Neurofibromatosis Type 1 Diagnosis
Diagnosis of Neurofibromatosis Type 1 (NF1) should always be made or confirmed by an NF expert as there are some similar genetic conditions which can be confused for NF1. The diagnosis of NF1 is made by a doctor who is trained to recognize the features of NF1 using a physical exam and sometimes imaging studies or an eye exam.
The diagnosis of NF1 requires that two or more of the following characteristics be present:
- Six or more café-au-lait macules (flat tan or brown skin markings, commonly referred to as “birth marks”). These must be present on both sides of the body.
- Freckling in the armpit and groin (easiest to detect in infants or children due to natural skin changes and hair growth in adults that can hide this finding)
- Two or more “neurofibroma” tumors of any type. This includes skin bumps called cutaneous neurofibromas, deeper “sub-cutaneous” neurofibromas. Alternatively, one single plexiform neurofibroma is sufficient. These are larger tumors that are often very soft and involve the skin and deeper tissues as well.
- Two or more Lisch nodules (harmless pigmented spots in the colored part of the eye) or two or more abnormalities in the choroid (blood vessel layer detected in the back of the eye by an ophthalmologist)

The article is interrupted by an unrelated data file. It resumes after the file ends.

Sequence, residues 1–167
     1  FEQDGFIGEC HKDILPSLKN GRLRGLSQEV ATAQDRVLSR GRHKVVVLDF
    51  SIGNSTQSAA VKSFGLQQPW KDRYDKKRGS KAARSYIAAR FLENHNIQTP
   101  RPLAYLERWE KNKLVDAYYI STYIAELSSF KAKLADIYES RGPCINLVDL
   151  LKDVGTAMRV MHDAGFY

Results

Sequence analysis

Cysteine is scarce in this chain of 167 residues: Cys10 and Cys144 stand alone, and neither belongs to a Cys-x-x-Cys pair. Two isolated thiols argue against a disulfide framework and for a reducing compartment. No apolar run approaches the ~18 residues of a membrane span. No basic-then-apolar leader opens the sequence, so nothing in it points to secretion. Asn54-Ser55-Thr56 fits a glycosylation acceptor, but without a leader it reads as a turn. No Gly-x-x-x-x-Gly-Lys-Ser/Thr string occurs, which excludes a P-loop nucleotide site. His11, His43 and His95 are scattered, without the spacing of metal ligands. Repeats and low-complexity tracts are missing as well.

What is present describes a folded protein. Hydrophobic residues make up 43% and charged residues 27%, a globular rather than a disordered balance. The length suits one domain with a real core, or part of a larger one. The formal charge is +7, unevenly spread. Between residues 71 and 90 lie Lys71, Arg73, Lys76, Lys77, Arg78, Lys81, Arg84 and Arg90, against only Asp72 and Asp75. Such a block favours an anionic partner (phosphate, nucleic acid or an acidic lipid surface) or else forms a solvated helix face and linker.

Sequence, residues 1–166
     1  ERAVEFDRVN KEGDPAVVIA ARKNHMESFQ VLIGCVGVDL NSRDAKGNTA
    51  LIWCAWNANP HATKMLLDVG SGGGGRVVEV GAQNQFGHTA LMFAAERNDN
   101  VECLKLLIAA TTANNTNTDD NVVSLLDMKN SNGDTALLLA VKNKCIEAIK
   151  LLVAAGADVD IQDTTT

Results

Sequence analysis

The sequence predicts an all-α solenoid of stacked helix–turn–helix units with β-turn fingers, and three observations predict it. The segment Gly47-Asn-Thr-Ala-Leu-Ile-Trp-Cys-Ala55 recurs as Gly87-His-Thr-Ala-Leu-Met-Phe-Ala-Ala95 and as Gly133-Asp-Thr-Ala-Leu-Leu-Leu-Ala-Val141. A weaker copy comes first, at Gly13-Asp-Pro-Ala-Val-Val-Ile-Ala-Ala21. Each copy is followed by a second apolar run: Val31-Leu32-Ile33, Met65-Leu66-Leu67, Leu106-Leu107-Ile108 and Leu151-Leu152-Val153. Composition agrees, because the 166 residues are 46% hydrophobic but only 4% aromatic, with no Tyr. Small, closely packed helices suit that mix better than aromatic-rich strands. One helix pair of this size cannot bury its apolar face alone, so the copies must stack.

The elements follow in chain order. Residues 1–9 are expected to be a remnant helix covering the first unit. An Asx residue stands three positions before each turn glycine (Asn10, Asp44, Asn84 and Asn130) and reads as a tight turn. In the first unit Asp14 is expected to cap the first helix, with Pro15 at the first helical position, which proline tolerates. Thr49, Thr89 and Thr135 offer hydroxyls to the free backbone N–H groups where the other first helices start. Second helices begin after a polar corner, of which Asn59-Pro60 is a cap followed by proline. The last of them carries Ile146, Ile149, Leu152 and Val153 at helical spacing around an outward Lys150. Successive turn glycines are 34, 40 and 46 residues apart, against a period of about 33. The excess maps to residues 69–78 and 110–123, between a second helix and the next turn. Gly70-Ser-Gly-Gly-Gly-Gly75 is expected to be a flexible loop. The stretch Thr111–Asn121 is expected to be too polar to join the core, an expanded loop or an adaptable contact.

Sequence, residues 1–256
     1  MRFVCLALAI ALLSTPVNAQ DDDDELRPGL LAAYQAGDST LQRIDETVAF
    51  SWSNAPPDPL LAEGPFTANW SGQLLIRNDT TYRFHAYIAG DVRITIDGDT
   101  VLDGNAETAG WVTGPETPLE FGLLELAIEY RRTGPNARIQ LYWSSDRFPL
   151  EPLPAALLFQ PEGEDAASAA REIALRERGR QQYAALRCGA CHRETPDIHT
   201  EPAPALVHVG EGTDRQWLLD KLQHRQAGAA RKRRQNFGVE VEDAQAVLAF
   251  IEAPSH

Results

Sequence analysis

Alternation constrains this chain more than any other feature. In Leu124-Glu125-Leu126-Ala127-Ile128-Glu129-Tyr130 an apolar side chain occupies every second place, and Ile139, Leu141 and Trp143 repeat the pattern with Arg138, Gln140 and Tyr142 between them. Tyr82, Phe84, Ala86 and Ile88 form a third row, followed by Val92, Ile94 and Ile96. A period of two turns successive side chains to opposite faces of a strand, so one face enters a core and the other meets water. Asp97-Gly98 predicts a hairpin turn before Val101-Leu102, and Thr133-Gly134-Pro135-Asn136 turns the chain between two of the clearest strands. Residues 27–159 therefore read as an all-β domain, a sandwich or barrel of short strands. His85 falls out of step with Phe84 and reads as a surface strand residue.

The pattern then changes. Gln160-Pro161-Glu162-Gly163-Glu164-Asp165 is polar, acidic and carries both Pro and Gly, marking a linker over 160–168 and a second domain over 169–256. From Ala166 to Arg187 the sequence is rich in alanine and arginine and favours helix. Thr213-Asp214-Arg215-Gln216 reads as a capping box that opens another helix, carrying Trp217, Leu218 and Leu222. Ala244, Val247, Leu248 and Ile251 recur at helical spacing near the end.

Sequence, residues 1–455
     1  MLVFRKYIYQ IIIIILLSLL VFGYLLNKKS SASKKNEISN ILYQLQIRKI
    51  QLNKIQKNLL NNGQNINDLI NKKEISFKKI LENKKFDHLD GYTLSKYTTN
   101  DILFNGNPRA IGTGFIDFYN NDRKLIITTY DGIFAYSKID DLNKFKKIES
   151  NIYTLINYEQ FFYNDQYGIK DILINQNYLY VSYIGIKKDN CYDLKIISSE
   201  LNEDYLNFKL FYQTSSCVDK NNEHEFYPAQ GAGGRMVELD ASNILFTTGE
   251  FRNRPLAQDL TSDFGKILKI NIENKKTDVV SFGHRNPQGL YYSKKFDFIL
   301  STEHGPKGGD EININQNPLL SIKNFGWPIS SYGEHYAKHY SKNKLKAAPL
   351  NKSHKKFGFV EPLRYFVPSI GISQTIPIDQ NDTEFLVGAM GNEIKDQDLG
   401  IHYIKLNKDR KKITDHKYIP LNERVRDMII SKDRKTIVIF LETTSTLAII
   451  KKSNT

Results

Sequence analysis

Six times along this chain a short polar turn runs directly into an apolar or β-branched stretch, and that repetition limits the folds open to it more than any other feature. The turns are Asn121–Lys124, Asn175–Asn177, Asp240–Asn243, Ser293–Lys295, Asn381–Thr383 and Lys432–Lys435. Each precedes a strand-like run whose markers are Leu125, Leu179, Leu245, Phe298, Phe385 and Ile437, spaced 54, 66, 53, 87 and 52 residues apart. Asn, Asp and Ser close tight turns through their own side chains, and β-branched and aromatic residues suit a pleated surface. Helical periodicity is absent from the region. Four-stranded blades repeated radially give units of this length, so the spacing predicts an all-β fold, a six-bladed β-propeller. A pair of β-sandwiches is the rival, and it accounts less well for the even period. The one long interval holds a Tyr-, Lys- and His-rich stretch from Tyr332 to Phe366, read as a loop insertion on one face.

- Optic pathway glioma (a tumor of the optic pathway, which includes the optic nerves as well as parts of the brain that carry visual information). They can sometimes be detected by an eye doctor (ophthalmologist), but sometimes they can only be seen on brain imaging.
- A bony abnormality that is characteristic for NF1, such as malformation of the “sphenoid” bone which is the part of the skull that supports the eyes, or thinning or a gap in the tibia (the shin bone) or other long bones in the arms and legs.
- Detection of a mutation in the NF1 gene in the blood
- Having at least one parent who has been diagnosed with NF1 based on the above rules.
Genetic testing is not absolutely necessary for a diagnosis, but it may be recommended if someone has some but not all required features, or in other unique situations that the NF doctor will discuss if they arise.
Treating Neurofibromatosis Type 1
Although there is no cure for the gene mutation that causes NF1, researchers are racing to develop newer and more effective treatments for the tumors associated with NF1. Koselugo (selumetinib) is the first FDA approved medication to shrink plexiform neurofibromas. NF-associated skin and plexiform neurofibromas should be resected using a technique that will prevent regrowth or spread of the tumors. This should be performed by a dermatologist or surgeon who is an expert in NF and has an understanding of the unique needs of NF patients. The multidisciplinary Neurofibromatosis Clinic at Mount Sinai is comprised of doctors in all fields of specialty who collaborate together to best treat our patients. Additionally, the Neurofibromatosis Clinic at Mount Sinai is dedicated to clinical trials research in NF1 to improve the physical and mental health of our patients.